Resolution: Project managers must be clear and transparent when managing stakeholder expectations. Explain to stakeholders that a “project plan” is a “projection” of what you expect to happen in the future. Following an outdated project plan will merely result in failure. Project managers should communicate to stakeholders what they can expect regarding immediate milestones. As soon as a milestone seems to be at risk, this fact must be communicated immediately.
Explain the reasons and communicate any new plans based on updated project priorities, risks and changes made. Understand that Failure isn’t often bad. Sometimes it is simply the result of creativity and ambition. Not every good idea will lead to a successful project, and creating a culture where new ideas are encouraged can create meaningful innovation on a consistent basis, even if some projects do end up failing on some fronts based on initial objectives.
The key here is to differentiate between projects that fail completely and those that still create value for the business. These are instances where talent management and organizational strategies should come into action. Being able to distinguish between projects that focus on innovation vs. those that are needed to keep the business running profitably is key.
Stakeholder project wishlist versus balancing constraints
Stakeholder/Client viewpoint: Projects can be done quickly, inexpensively and at a high quality—without sacrificing any constraints.
Actual Situation: If a project is completed quickly and inexpensively, quality could suffer. A project team can conduct high-quality work in a short amount of time, but stakeholders should expect increased costs as a result of added resources. The disagreement often occurs as a result of executives making promises to their stakeholders without involving the project manager/project team members—and this is particularly noticeable during project kick-off when stakeholders bring their unrealistic expectations to the table.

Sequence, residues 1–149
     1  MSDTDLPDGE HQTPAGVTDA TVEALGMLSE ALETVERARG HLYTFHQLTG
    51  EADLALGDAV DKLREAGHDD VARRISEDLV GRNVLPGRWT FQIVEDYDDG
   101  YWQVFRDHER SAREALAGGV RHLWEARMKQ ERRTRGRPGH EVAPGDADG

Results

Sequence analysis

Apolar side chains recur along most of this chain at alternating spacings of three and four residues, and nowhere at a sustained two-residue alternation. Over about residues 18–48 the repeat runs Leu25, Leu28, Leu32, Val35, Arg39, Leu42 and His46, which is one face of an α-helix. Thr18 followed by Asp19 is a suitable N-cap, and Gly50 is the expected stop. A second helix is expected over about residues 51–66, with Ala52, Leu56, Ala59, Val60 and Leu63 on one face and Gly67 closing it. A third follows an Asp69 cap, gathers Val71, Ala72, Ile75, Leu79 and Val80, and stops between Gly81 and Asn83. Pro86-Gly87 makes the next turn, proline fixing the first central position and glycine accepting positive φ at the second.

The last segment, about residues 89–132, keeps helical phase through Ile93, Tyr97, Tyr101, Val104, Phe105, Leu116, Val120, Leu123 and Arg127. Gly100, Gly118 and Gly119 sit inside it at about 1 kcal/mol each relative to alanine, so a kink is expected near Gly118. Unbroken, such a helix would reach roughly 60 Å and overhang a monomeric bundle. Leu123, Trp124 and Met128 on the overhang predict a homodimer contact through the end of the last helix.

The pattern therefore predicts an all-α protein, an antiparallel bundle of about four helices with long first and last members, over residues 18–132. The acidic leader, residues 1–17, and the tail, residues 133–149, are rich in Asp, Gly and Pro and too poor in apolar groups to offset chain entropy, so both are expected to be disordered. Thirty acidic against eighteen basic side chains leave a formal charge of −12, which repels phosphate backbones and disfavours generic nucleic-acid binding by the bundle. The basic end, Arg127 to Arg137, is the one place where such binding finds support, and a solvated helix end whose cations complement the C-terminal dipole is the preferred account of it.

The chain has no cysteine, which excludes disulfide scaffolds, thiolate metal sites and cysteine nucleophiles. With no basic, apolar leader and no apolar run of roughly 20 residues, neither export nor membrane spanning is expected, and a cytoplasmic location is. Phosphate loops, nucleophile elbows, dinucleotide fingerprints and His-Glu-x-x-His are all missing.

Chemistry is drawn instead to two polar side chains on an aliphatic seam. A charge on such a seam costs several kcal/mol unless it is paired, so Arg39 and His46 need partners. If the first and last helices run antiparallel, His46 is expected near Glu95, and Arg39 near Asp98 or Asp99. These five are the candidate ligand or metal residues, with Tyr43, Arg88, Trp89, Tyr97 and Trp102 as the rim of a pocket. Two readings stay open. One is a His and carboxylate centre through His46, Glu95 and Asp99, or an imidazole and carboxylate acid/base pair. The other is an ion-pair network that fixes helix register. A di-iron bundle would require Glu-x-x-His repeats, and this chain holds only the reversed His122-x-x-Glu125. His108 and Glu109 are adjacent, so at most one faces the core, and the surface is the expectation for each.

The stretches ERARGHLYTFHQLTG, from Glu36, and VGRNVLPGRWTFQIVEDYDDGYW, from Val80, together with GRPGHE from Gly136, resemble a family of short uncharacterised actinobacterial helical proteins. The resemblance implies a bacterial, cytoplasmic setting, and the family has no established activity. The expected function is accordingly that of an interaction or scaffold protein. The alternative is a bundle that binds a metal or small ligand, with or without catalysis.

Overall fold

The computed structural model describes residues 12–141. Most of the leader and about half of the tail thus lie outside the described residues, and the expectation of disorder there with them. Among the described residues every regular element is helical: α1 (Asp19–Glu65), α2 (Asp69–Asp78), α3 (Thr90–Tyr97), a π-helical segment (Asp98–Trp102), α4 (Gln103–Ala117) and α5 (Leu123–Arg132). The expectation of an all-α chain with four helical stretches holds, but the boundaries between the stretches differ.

Resolution: To overcome the challenge, the project team should hold workshops with key stakeholders from various groups to uncover solutions. In addition, appoint change agents within the organization to educate project team members on the project’s benefits and impact. If project teams are to produce quality deliverables, stakeholders need to be educated on the risk of “quick and smudged” projects versus “well-planned, quality” projects. Project Managers should be well aware of its constraints/ limitations in terms of project delivery and convey these to the stakeholders in a timely and transparent manner.
Romi Sebastian is a Senior Project Manager brought up in the UAE and has been working in the Middle East with top tier firms for the past 2 decades. He holds a strong interest in the fields of Organic architecture and Bio-Mimetics. Apart from his passions for charcoal rendering, Romi writes on a broad range of subjects for national newspapers, magazines and web-journals.
Romi Sebastian is a Senior Project Manager brought up in the UAE and has been working in the Middle East with top tier firms for the past two decades. He holds a strong interest in the fields of Organic architecture and Bio-Mimetics. Apart from his passions for charcoal rendering, Romi writes on a broad range of subjects for national newspapers, magazines and web-journals.